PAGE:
Asked if a similar plan needs to be employed in the public defender’s office, Snider replied, “I think it’s very possible.”
Christopher Pratt, an attorney in the Adams County Public Defender’s Office since 2016, filed in November to run for state’s attorney in Hancock County. He will face incumbent Bobi James in a Republican primary on March 19. He called the loss of Nelson “devastating.”
“I don’t know that anybody’s on the bench longer than Todd has been in that public defender’s office,” Pratt said. “That wealth of knowledge and experience, not just for all of us but for the entire courthouse, is leaving. I don’t think you can overstate how devastating that is to the courthouse.”
Pratt said the remaining members of the public defender’s office will do their best to “weather the storm.”
“I haven’t had a chance to sit down with Todd in-depth,” he said. “I don’t know what his conversations have been like with judges since his letter. The judiciary is in charge of appointing a chief public defender, and I don’t know what their plan is. I have no idea. I don’t know what they’re working on. What’s the short-term plan? I can’t answer that question. It’s not good.
“There are other issues at play here, and it’s contributing to, I think, some of these departures, whether anybody wants to acknowledge it or not.”
One of those issues is mold in the Adams County Courthouse. Two companies have investigated complaints of mold throughout the building. Snider said in late September 2023 that the county was moving forward with remediation of the problem.
A Pittsburgh native, Nelson has worked for the public defender’s office since 2005. He was named deputy chief public defender in October 2015, and he was selected in July 2016 to replace Holly Henze, who became an associate judge in the Eighth Judicial Circuit. She had led the office for four years.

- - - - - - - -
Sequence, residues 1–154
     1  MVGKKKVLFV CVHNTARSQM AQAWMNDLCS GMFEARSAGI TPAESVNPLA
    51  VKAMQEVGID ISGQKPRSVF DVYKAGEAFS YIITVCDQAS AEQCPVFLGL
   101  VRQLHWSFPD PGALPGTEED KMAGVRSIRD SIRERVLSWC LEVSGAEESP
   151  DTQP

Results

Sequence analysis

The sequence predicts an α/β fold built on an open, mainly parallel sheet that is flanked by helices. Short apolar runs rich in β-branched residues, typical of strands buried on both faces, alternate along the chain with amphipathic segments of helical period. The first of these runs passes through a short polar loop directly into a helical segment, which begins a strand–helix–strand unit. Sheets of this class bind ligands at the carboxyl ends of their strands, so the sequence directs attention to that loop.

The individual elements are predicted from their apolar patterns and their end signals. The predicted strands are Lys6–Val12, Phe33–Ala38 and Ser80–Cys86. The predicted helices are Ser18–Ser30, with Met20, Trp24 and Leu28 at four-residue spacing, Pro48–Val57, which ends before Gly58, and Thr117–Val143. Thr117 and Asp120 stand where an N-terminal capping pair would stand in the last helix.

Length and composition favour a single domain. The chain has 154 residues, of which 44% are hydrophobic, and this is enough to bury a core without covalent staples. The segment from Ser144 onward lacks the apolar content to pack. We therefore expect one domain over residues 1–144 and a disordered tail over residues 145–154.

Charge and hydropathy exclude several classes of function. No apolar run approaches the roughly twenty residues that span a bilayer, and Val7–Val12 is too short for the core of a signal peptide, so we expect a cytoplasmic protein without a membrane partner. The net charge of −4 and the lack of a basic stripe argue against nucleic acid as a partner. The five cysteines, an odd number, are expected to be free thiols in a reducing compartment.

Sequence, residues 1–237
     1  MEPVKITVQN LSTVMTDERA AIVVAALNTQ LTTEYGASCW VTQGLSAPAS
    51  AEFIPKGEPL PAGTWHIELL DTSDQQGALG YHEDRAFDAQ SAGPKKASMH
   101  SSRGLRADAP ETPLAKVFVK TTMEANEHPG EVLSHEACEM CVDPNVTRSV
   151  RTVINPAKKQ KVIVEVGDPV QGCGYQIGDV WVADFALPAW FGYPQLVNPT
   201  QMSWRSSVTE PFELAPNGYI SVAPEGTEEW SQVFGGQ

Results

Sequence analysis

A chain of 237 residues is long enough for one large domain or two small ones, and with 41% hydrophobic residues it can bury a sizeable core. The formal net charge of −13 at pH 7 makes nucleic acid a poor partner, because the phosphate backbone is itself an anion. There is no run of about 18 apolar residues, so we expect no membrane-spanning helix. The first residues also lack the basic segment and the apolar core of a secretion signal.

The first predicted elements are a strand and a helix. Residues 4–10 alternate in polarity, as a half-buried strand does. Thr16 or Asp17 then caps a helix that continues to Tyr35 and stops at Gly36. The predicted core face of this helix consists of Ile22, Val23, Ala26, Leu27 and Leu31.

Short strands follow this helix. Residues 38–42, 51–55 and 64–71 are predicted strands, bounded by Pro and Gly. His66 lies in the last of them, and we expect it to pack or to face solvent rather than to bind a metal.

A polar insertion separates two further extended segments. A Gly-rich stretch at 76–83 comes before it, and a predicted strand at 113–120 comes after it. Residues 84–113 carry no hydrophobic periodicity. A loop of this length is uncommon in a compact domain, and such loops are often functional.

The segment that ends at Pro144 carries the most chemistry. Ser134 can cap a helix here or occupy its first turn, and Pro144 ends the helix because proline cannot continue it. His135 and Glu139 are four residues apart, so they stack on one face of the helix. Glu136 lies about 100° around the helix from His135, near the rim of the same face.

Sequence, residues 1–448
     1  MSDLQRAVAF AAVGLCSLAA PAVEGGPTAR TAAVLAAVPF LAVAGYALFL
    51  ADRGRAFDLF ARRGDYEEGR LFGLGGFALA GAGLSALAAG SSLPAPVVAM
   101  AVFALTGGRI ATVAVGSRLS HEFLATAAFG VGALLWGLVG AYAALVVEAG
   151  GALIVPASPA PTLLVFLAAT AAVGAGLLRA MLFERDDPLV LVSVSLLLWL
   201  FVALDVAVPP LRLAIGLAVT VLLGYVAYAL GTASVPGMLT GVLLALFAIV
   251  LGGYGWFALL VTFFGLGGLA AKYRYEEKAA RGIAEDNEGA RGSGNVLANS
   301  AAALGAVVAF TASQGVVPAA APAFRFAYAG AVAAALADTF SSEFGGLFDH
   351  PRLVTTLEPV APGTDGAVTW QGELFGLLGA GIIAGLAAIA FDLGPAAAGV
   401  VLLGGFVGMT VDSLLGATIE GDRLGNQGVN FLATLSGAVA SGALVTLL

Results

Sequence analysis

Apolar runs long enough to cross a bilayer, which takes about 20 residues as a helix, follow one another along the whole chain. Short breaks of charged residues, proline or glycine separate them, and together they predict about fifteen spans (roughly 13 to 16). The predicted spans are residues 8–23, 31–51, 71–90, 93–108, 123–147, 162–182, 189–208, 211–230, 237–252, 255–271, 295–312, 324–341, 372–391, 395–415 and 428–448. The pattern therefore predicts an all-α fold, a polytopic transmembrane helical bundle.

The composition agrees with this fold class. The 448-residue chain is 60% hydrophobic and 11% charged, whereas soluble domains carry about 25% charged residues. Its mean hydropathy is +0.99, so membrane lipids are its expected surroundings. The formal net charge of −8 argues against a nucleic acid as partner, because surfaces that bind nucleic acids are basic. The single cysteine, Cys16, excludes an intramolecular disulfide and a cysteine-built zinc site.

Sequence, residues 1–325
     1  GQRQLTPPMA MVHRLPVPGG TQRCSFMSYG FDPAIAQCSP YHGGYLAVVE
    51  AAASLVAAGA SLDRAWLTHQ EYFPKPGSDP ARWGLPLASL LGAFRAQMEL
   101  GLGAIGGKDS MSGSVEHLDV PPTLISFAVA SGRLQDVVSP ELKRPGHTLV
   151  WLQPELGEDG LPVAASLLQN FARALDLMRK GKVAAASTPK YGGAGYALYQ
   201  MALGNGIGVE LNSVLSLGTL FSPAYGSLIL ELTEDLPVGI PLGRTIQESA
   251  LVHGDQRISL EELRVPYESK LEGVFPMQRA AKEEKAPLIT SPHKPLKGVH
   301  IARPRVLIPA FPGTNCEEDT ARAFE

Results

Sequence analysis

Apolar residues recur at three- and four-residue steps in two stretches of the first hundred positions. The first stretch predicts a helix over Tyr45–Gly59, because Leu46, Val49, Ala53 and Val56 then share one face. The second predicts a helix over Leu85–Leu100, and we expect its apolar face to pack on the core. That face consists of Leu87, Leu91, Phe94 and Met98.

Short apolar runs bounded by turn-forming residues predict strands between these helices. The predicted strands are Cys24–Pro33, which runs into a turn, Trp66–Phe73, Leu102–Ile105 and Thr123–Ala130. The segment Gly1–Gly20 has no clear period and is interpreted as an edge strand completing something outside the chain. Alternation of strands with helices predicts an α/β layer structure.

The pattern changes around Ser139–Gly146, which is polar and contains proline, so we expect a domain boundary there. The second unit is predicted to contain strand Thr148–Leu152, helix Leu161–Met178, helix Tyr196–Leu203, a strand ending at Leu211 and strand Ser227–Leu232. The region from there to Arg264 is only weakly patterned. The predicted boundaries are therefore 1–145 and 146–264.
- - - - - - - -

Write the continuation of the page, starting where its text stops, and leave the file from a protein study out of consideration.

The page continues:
Nelson wrote that he believes hope exists for a solution to the public defender’s office’s problems.
“Calls to implement a statewide public defense system have been growing louder, and efforts to do so have been gaining momentum,” he said. “Such a system also would help alleviate crushing workloads that are far in excess of the standards recommended by the National Public Defense Workload Study, published by the RAND Corporation this past fall. It now appears likely that legislation creating such a system will be introduced in the future.”
Nelson noted in his September letter that the National Advisory Commission on Criminal Justice Standards and Goals prescribes a maximum of 150 felonies per attorney per year. He listed the number of open felony cases and number of felony cases closed between Jan. 1 and Sept. 10 of 2023 for each member of his staff, and the lowest number was 239 total cases.
Nelson called his colleagues and friends in the public defender’s office “dedicated.”
“All of them — attorneys and office staff alike — are talented, hard-working and big-hearted toward the underprivileged and disadvantaged,” he wrote. “Their collegiality and mutual respect are rare. They are the best of humanity.
“The Adams County Public Defender’s Office always has labored under difficult circumstances and with limited resources. I know it will continue to do so as it works to protect the rights that belong to all of us — by protecting the rights of the indigent.”